Jeremy Hunt performs humiliating climbdown over EU and USSR comparison after backlash
Jeremy Hunt has backtracked on his comparison between the European Union and Soviet Russia following a barrage of criticism.
The Foreign Secretary sparked widespread anger when he said the EU was trying to “punish” the UK for Brexit, which he likened to the USSR preventing its member states from leaving.
“What happened to the confidence and ideals of the European dream?” he told delegates at the Conservative conference in Birmingham. "The EU was set up to protect freedom. It was the Soviet Union that stopped people leaving.
"The lesson from history is clear: if you turn the EU club into a prison, the desire to get out won’t diminish, it will grow – and we won’t be the only prisoner that will want to escape."
The comments were roundly condemned by political and diplomatic figures in Europe and the UK.
But in an attempt to limit the damage caused by his speech, Mr Hunt told Bloomberg: “I wasn’t saying that the EU is like the Soviet Union.
“What I was saying is that the EU was set up to counter the Soviet Union but they’ve got to be very careful... if they really think that the only outcome that’s acceptable from these talks is to punish Britain from wanting to leave the club, then that’s not consistent with European ideals and we should remember why we were set up because there were organisations that did take that approach."
His initial comments led to Latvia’s ambassador to the UK to point out that the USSR “killed, deported, exiled and imprisoned hundreds of thousands of Latvia's inhabitants”, before defending the EU as having brought the country “prosperity, equality, growth, respect”.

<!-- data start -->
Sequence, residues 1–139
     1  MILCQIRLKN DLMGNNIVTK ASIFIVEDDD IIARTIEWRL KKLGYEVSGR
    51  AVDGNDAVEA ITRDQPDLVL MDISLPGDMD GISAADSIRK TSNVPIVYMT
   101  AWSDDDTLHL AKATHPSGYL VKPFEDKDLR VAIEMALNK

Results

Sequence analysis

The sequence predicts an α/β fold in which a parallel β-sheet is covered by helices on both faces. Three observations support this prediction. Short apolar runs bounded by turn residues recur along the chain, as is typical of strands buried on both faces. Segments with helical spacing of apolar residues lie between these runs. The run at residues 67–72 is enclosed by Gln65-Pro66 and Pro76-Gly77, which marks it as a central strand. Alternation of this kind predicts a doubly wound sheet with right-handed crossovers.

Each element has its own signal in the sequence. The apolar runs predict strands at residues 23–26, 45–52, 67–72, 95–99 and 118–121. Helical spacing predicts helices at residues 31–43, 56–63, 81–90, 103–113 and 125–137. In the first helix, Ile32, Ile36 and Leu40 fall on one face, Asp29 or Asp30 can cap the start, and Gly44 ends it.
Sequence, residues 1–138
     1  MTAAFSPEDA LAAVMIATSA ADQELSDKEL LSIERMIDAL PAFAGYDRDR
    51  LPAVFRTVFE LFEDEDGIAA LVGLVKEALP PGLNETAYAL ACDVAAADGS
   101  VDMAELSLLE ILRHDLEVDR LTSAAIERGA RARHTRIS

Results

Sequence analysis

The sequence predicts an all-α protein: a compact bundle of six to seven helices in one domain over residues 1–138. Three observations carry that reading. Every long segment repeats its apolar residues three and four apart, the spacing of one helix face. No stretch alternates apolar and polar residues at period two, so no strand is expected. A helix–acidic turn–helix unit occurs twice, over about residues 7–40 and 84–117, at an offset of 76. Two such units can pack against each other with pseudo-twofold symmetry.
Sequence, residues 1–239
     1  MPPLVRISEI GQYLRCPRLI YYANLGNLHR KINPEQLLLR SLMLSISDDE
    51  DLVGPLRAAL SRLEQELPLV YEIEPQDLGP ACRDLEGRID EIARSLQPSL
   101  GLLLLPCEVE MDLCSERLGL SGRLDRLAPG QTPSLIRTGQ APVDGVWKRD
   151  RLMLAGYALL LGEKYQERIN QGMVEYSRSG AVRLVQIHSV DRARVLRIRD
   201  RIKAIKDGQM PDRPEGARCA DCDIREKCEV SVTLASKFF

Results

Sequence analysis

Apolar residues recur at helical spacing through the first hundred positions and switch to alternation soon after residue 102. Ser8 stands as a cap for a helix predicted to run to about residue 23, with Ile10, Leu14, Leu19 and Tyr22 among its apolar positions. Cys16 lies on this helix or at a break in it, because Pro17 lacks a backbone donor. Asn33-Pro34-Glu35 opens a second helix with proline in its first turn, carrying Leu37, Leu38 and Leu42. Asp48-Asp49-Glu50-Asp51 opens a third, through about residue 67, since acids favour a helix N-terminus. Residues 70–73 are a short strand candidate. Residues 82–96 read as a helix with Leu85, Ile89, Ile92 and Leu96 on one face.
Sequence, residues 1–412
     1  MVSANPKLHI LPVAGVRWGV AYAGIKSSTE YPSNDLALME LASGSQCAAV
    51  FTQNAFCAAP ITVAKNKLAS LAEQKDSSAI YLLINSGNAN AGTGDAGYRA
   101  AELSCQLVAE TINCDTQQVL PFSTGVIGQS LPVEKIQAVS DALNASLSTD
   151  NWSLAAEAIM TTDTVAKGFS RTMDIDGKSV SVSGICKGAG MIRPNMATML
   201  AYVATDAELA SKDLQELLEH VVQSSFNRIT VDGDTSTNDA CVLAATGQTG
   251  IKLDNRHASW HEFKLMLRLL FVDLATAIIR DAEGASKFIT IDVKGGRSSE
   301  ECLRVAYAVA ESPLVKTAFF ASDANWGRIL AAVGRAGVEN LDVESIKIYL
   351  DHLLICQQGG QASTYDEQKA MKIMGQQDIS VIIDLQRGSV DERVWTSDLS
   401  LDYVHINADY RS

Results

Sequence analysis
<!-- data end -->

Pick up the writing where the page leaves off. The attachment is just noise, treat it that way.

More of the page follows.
Meanwhile ex-Foreign Office permanent secretary Lord Ricketts branded the claim “rubbish unworthy of a British Foreign Secretary” while his successor Sir Simon Fraser called it a “shocking failure of judgement”.
When pressed on whether he thought the comments were helpful, given they had angered some in Europe, Mr Hunt responded: “I think they need to understand that we’re very angry as well and if the EU’s view is that every time we put constructive proposals on the table all they have to do is say ‘no, come back with something different, and that’s not a negotiation.”
When asked whether he thought the choice of words was “diplomatic” he continued: “What I would say is that it was a very diplomatic argument because what I was saying is that our future in Europe… will be more secure, more safe and more prosperous if Britain and the EU are friends.”
He added: “People want to leave the EU but they want to stay friends with EU countries and they don’t want to throw the baby with the bath water.
"But the thing that’s been so extraordinarily successful in keeping the peace over the last 60-70 years has been that partnership where the UK has helped defend the orders of the EU, we have made it stronger, so let’s keep the good things of that relationship.”